ERIC Number: ED191003
Record Type: RIE
Publication Date: 1980-Sep
Reference Count: 0
The Amount, Type, and Organization of Information Recalled from Prose by Young, Middle, and Old Adult Readers.
Meyer, Bonnie J. F.; Rice, G. Elizabeth
The effects of organizational variables on recall of prose were examined in 48 college-educated adults in three age groups (20 to 33 years, 41 to 55 years, and 58 to 79 years). It was hypothesized that if older adults suffered deficits in organizational processes, they would show lower quantities of prose recall, difficulties in following the text's top-level structure and diminished "levels effects" (information high in the hierarchical text structure is recalled better than information low in the hierarchy). Two experiments tested these implications, using a system of prose analysis to identify text structure. One study focused on age-related differences in the total amount of information remembered and the type of information remembered, while the second study determined whether older subjects exhibited differential recall of prose when the prose was organized according to different top-level structures. No age differences were found in total recall, recall of main ideas, nor use of the text's top-level structure. The young-adult group, however, did exhibit levels effects while the middle and older adult groups did not. The young-adult group recalled significantly more high-level information than low-level information. This difference was attributed to the effects of current schooling practices rather than to organizational or reading comprehension deficits in the aged. (RL)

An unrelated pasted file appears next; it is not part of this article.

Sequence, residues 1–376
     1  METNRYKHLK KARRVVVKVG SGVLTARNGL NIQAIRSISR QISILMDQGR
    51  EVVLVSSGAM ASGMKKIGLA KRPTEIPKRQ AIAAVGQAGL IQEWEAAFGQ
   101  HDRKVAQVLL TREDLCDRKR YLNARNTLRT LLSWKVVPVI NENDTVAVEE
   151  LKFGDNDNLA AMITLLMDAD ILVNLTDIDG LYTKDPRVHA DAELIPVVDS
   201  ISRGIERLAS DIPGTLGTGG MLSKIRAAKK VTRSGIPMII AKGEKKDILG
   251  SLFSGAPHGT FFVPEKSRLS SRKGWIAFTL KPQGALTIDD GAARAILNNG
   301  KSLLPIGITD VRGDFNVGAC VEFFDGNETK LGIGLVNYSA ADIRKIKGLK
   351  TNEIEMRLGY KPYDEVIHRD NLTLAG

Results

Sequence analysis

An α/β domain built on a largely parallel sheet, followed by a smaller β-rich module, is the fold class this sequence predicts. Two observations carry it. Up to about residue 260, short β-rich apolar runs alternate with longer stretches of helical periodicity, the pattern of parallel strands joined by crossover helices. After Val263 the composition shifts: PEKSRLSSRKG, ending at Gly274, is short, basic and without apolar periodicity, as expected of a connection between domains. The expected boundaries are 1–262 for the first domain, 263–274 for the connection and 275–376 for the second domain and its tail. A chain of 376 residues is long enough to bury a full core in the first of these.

Publication Type: Reports - Research; Speeches/Meeting Papers
Education Level: N/A
Authoring Institution: N/A
Note: Paper presented at the Annual Meeting of the American Psychological Association (Montreal, Canada, September 1-5, 1980).